DEVELOPMENT OF A DIOXIN TMDL FOR THE HOUSTON SHIP CHANNEL IN TEXAS

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Abstract:

Polychlorinated dibenzo-p-dioxins and dibenzofurans (dioxin) are extremely persistent in the environment, and can affect human health at low concentrations for many years. As a result of dioxin found in fish and crab tissue, a seafood consumption advisory was issued by the Texas Department of Health in September 1990 for the upper portion of Galveston Bay and the Houston Ship Channel System (HSC) in Texas. As a result of the advisory, the HSC system was placed on the 303(d) list and a Total Maximum Daily Load (TMDL) study was initiated. This paper presents the current results of the dioxin TMDL study for the HSC. The study is focused on identifying the sources of dioxin to the channel and developing load reduction strategies using models.

Historical data compiled and analyzed in this study confirm that dioxins are at elevated concentrations in sediment and tissue. Sediment total Toxicity Equivalency (TEQ's) concentrations found in the main channel were between 2 and 43 times the average background TEQ concentration (5.31 ppt) observed in North America. In addition, analysis of tissue data indicated that the segment with the highest average tissue TEQ concentration (Segment 1006- Houston Ship Channel Tidal) had an average TEQ-WHO98 of 7.1, 15.2, and 8.2 ppt in catfish, crab, and oyster tissue, respectively. These values are 4, 25, and 14 times the concentrations observed in non-impacted areas in catfish, crabs, and oysters, respectively.

An extensive sampling effort targeting in-stream water, sediment, and tissue is underway. Results from two sampling events in 2002 showed that, in general, dioxin levels in the main channel continue to be as high or they are higher than the concentrations in sediment and tissue observed in 1990, 1993, 1996, and 2001. Dioxin concentrations in water exceed the Texas Surface Water Quality Standard (WQS) for saltwater (0.093 pg/L) more than 80% of the time. In addition, 83% of the sediment samples exhibit dioxin levels higher than the TOCnormalized sediment concentration target of 106 ng/kg. Finally, the fish tissue health-based standard of 0.47 ng TEQ/kg (derived from the Texas WQS) was exceeded in 96% of the samples and in 98% of the crab tissue samples. Overall, high concentrations of dioxins were distributed across the HSC system. Segment 1006 showed the highest concentrations in water, sediment, and fish tissue, while crabs collected from segment 1005 exhibited the highest dioxin levels.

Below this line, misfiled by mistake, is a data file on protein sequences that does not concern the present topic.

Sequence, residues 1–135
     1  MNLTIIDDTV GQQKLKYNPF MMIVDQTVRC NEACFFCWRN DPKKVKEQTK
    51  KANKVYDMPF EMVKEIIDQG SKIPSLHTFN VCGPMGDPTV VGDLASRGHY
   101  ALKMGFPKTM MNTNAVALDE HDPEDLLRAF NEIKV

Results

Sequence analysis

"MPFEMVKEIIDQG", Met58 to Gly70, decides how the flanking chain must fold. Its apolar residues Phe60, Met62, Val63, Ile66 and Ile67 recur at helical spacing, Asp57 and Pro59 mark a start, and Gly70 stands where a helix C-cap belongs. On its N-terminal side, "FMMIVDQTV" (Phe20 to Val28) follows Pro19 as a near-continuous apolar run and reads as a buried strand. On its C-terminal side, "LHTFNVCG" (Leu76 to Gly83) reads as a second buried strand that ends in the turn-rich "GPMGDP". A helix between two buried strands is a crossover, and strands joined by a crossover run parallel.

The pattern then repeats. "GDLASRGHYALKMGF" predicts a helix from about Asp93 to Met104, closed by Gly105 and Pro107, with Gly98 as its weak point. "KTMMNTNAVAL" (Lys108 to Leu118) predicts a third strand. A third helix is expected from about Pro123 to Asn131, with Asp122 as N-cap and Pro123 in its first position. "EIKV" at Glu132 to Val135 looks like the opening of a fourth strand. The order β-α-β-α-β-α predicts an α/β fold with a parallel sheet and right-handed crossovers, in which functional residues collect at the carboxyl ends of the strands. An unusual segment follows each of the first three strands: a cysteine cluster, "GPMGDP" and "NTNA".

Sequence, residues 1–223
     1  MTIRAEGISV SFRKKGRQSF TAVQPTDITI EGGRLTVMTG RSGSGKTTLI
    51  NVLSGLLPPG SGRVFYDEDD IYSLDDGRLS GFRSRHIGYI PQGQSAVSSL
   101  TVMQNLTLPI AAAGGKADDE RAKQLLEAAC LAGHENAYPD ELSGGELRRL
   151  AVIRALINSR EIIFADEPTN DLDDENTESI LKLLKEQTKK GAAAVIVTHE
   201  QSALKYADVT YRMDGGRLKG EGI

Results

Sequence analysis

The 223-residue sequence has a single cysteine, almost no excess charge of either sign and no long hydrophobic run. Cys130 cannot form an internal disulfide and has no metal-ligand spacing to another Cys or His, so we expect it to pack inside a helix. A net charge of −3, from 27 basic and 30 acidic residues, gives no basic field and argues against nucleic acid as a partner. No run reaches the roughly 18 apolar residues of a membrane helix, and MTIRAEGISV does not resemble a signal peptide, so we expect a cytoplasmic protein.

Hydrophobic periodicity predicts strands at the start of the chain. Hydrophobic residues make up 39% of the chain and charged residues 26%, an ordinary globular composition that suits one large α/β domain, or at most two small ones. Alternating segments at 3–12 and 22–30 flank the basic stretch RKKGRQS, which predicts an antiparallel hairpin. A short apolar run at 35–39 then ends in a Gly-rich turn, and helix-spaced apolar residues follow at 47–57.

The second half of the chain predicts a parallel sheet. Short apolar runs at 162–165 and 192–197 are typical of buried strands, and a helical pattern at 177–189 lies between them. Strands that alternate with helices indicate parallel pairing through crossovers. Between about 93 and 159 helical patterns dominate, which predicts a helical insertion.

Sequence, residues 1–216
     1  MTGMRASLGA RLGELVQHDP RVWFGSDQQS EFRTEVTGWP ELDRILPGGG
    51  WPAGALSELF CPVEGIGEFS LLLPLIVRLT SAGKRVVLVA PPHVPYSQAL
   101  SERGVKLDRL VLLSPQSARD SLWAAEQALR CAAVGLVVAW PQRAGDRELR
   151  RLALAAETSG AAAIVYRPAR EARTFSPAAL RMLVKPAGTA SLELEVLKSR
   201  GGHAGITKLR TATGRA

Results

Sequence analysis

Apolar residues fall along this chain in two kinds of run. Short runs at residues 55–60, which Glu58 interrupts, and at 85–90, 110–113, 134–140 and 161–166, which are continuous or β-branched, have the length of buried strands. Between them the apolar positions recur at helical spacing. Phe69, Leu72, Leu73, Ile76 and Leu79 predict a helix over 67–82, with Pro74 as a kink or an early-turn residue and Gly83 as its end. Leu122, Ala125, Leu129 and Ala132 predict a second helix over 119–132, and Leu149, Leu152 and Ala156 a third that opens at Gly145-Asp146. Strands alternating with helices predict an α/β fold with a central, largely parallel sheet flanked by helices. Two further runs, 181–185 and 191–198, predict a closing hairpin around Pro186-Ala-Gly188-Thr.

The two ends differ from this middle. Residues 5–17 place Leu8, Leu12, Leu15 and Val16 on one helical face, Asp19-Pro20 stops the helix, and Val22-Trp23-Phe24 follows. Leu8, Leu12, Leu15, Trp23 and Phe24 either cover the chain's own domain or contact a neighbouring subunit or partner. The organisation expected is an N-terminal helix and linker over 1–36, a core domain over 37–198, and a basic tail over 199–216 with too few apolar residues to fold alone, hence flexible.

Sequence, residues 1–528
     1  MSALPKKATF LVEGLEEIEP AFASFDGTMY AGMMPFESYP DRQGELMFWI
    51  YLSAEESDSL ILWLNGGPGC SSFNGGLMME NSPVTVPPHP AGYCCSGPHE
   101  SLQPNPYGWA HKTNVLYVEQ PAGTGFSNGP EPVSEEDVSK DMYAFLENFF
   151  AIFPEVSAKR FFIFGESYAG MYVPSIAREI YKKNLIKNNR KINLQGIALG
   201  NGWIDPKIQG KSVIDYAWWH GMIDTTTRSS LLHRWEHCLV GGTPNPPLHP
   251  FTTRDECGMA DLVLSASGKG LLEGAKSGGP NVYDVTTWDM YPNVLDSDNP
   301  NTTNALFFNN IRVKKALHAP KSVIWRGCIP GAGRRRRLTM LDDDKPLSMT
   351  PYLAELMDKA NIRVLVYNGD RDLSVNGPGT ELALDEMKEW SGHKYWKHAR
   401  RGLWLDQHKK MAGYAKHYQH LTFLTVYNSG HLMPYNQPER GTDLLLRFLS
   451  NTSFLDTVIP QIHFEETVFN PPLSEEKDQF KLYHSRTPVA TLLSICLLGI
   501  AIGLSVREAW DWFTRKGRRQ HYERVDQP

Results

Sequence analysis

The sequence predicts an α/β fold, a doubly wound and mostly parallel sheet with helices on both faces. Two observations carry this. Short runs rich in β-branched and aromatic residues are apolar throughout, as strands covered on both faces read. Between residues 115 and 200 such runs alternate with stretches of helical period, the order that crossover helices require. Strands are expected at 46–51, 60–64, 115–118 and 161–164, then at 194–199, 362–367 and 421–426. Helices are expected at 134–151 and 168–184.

An in-depth assessment of possible sources of dioxin contamination to the HSC that includes sampling of sediments in tributaries, industrial and municipal wasterwater treatment plant sludges, effluents, wet/dry deposition and runoff has been conducted over the last two years. Analyses of sludge samples from point sources discharging to the HSC showed concentrations between 0.02 and 2355 ng TEQ/kg-dry weight with an average value of 62.2 ng TEQ/kg-dry weight. Ambient air sampling conducted nine times at five locations yielded dioxin concentrations within the range 2.66–48.60 fg TEQ/m3. Results from stormwater runoff sampling showed total TEQ concentrations between 0.021 and 0.567 pg/L with 8 out of 10 samples exceeding the Texas WQS.

Document Type: Research Article

DOI: http://dx.doi.org/10.2175/193864703784828741

Publication date: January 1, 2003

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  • Proceedings of the Water Environment Federation is an archive of papers published in the proceedings of the annual Water Environment Federation® Technical Exhibition and Conference (WEFTEC® ) and specialty conferences held since the year 2000. These proceedings are not peer reviewed.

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